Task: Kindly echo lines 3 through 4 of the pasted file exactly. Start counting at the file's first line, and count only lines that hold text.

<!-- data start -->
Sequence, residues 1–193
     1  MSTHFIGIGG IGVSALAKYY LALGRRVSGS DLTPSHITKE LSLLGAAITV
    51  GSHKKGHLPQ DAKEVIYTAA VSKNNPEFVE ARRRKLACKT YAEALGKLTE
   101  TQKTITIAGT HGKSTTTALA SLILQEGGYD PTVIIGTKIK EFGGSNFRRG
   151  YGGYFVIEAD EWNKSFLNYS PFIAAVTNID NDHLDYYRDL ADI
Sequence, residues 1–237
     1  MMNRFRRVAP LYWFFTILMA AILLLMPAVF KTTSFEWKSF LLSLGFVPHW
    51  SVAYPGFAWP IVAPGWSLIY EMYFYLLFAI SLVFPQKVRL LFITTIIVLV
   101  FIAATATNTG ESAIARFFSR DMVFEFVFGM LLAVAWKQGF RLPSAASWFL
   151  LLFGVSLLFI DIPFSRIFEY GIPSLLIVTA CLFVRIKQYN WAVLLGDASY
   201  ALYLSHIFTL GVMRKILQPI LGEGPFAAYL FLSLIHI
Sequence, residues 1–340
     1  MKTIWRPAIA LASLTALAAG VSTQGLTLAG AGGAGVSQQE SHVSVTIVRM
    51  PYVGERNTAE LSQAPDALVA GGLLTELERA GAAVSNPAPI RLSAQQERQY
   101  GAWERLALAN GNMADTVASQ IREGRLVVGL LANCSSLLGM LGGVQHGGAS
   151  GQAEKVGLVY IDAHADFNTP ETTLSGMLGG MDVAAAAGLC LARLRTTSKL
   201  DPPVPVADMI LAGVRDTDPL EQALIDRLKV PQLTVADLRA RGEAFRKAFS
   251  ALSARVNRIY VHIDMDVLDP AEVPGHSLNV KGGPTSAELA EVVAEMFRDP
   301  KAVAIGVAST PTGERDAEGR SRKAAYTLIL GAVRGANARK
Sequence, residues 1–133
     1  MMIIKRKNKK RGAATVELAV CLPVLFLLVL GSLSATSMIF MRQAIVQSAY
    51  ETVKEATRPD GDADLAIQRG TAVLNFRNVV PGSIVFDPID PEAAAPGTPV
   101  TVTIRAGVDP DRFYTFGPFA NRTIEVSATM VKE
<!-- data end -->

    51  GSHKKGHLPQ DAKEVIYTAA VSKNNPEFVE ARRRKLACKT YAEALGKLTE
   101  TQKTITIAGT HGKSTTTALA SLILQEGGYD PTVIIGTKIK EFGGSNFRRG